The disseisor must physically use the land as a property owner would, in accordance with the type of property, location, and uses. Merely walking or hunting on land does not establish actual possession. In Cone v. West Virginia Pulp & Paper, the United States Court of Appeals held that Cone failed to establish actual possession by occasionally visiting the land and hunting on it, because his actions did not change the land from a wild and natural state. The actions of the disseisor must change the state of the land, as by clearing, mowing, planting, harvesting fruit of the land, logging or cutting timber, mining, fencing, pulling tree stumps, running livestock and constructing buildings or other improvements.
ii) Open and notorious use of the property
The disseisor's use of the property is so visible and apparent that it gives notice to the legal owner that someone may assert claim. It must be of such character that would give notice to a reasonable person. If legal owner has knowledge, this element is met; it can be also met by fencing, opening or closing gates or an entry to the property, posted signs, crops, buildings, or animals that a diligent owner could be expected to know about.
iii) Exclusive use of the property
The disseisor holds the land to the exclusion of the true owner. If, for example, the disseisor builds a barn on the owner's property, and the owner then uses the barn, the disseisor cannot claim exclusive use. (There may be more than one adverse possessor, taking as tenants in common, so long as the other elements are met.)
iv) Hostile or adverse use of the property
The disseisor entered or used the land without permission. Renters, hunters or others who enter the land with permission are not hostile. The disseisor's motivations may be viewed by the court in several ways:
a) Objective view—used without true owner's permission and inconsistent with true owner's rights.
b) Bad faith or intentional trespass view—used with the adverse possessor's subjective intent and state of mind (mistaken possession in some jurisdictions does not constitute hostility).
c) Good faith view—a few courts have required that the party mistakenly believed that it is his land. All views require that the disseisor openly claim the land against all possible claims.
v) Continuous use of the property
The disseisor must, for statute of limitations purposes, hold that property continuously for the entire limitations period, and use it as a true owner would for that time. This element focuses on adverse possessor's time on the land, not how long true owner has been dispossessed of it. Occasional activity on the land with long gaps will fail the test of continuous possession. Courts have ruled that merely cutting timber at intervals, when not accompanied by other actions that demonstrate actual and continuous possession, fails to demonstrate continuous possession. If the true owner ejects the disseisor from the land, verbally or through legal action and after some time the disseisor returns and dispossesses him again, then the statute of limitation starts over from the time of the disseisor's return. He cannot count the time between his ejection by the true property owner and the date on which he returned.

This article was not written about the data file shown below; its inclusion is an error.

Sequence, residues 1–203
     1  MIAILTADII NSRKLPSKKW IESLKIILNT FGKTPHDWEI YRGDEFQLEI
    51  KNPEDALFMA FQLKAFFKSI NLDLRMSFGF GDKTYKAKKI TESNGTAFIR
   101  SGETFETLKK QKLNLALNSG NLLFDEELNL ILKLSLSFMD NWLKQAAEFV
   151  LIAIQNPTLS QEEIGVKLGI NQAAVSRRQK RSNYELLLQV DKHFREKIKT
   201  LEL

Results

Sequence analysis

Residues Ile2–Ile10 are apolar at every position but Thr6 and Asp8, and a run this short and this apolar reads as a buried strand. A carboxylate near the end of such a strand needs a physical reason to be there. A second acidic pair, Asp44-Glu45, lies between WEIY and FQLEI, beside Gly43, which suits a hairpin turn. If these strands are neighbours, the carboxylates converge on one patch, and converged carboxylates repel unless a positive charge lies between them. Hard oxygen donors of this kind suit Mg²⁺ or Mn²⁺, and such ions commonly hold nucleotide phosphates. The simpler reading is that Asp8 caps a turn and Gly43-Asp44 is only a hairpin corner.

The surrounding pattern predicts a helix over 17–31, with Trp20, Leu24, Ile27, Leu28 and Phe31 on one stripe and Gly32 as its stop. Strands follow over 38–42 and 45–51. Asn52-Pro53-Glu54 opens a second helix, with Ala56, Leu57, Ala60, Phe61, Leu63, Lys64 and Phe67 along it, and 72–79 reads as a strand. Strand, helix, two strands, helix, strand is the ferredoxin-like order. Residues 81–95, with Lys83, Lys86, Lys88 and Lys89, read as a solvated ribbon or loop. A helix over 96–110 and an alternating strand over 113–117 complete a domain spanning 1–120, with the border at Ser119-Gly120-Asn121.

vi) Specific requirements for adverse possession
A court may require some combination of the following as elements of the basic requirements for adverse possession, which of these applies varies by jurisdiction and may be a result of interpreting common law or of statute.
a) Claim of title or claim of right.
The Supreme Court of the United States has ruled that the mere intent to take the land as one's own constitutes ‘claim of right’. Other cases have determined that a claim of right exists if the person believes he has rightful claim to the property, even if that belief is mistaken. A negative example would be a timber thief who sneaks onto a property, cuts timber not visible from the road, and hauls the logs away at night. His actions, though they demonstrate actual possession, also demonstrate knowledge of guilt, as opposed to claim of right.
b) Improvement, cultivation, or enclosure
This includes Payment of property taxes, etc., as may be required by statute. Both payments by the disseisor and by the true owner are relevant.
Effect of Adverse Possession
A disseisor will be committing a civil trespass on the property he has taken and the owner of the property could cause him to be evicted by an action in trespass ("ejectment") or by bringing an action for possession. All common law jurisdictions require that an ejectment action be brought within a specified time, after which the true owner is assumed to have acquiesced. The effect of a failure by the true landowner to evict the adverse possessor depends on the jurisdiction, but will eventually result in title by adverse possession.